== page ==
A Systematic Review of Evidence for a Role of Rest-Activity Rhythms in Dementia.
Background: Rest-activity rhythm (RAR) disruption may be a risk factor for dementia that can be objectively measured with wearable accelerometers. It is possible that risk monitoring and preventive interventions could be developed targeting RARs. To evaluate whether current evidence supports these applications, we systematically reviewed published studies linking RARs with dementia, its course, and mechanisms.
Methods: Entering pre-defined search terms in PsycINFO, MEDLINE, and PubMed databases returned 192 unique titles. We identified 32 articles that met our primary inclusion criteria, namely, that they examined objective RAR measures in the context of dementia, cognition, or brain biomarkers.
Results: Cross-sectional studies consistently found that people with dementia had less stable (5/6 studies), more fragmented (4/6 studies), lower amplitude rhythms (5/5 studies), that had a worse fit to 24-h models (3/3 studies). Findings from studies relating RARs to cognitive test performance (rather than diagnostic status) were more nuanced. RAR fragmentation was associated with neurodegeneration biomarkers in 2/2 studies; and 1/1 study found 24-h model fit related to hippocampal hyperactivation. Although 2/2 studies found RARs related to markers of cerebrovascular disease, the specific RARs and cerebrovascular disease measures were not consistent. Longitudinal studies (3/3 articles) reported that lower amplitude and worse 24-h rhythm fit predicted future cognitive impairment and executive function. However, interventions aimed at modifying RARs had mixed effects (e.g., 0/4 studies demonstrated effects of morning light on 24-h model fit; evening light was associated with improved 24-h fit in 2/2 studies reporting); these effects may be more evident in subgroups.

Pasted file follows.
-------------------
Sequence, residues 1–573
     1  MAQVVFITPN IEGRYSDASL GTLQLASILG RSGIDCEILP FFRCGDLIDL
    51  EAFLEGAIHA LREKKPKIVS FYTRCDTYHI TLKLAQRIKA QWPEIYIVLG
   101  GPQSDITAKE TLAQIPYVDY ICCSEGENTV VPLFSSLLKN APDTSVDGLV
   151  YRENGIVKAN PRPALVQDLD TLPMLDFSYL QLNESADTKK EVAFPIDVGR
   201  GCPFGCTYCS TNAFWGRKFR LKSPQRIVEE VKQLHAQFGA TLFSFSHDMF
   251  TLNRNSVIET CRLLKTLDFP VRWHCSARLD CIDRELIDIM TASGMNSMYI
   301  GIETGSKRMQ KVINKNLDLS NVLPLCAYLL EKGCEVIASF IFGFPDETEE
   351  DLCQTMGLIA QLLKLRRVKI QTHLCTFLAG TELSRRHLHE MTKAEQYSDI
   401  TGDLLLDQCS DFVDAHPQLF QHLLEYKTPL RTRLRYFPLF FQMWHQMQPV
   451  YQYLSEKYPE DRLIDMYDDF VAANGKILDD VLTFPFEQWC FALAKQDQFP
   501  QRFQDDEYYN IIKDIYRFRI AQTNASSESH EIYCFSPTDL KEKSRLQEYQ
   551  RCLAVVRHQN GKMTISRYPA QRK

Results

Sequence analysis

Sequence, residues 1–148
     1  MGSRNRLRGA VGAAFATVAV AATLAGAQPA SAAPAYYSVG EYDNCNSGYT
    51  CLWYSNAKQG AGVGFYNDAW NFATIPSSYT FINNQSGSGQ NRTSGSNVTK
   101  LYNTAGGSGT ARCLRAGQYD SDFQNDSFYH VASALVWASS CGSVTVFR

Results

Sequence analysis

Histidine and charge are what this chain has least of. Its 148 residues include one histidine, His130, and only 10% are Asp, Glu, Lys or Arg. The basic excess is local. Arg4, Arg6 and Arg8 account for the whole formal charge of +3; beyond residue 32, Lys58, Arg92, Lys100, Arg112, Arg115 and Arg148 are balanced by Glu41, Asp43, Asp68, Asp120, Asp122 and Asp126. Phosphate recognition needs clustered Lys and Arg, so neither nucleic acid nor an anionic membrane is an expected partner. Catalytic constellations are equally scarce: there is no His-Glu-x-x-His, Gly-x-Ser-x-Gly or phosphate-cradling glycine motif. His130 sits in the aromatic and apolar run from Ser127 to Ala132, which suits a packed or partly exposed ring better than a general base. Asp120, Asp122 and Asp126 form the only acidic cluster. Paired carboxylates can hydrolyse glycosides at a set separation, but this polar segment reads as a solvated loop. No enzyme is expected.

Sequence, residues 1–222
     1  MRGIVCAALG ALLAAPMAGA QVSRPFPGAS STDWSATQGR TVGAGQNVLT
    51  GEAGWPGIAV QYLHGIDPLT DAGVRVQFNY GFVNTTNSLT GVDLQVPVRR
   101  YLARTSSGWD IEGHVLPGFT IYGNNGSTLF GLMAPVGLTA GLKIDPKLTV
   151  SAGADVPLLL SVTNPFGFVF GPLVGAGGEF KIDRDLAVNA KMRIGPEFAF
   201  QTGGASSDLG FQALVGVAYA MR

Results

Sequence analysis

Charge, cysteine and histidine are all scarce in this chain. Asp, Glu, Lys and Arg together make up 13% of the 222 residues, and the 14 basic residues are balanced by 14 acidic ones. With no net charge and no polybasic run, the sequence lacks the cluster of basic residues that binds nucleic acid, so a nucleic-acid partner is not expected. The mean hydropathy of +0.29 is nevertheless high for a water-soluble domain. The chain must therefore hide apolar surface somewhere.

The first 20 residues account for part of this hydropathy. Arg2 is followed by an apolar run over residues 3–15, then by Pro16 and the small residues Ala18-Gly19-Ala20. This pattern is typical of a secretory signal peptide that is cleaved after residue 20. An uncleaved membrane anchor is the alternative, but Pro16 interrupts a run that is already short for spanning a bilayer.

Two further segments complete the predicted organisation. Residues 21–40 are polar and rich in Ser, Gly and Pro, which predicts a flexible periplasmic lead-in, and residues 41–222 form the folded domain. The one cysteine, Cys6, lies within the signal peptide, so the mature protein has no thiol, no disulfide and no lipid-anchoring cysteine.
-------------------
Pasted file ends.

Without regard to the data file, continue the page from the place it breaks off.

Conclusions: Consistent evidence shows that dementia is associated with disrupted RARs. Importantly, recent studies have shown that RAR disruption is associated with dementia biomarkers and, prospectively, with the risk of cognitive impairment. Interventions mostly tried using bright light to modify RARs in people who already have dementia; these studies produced modest effects on RARs and did not show modification of dementia’s course. Altogether, these findings suggest studies are needed to understand how RARs relate to changes in brain health earlier in the disease process. Better understanding of the biopsychosocial mechanisms linking RARs with future dementia risk can help further target intervention development.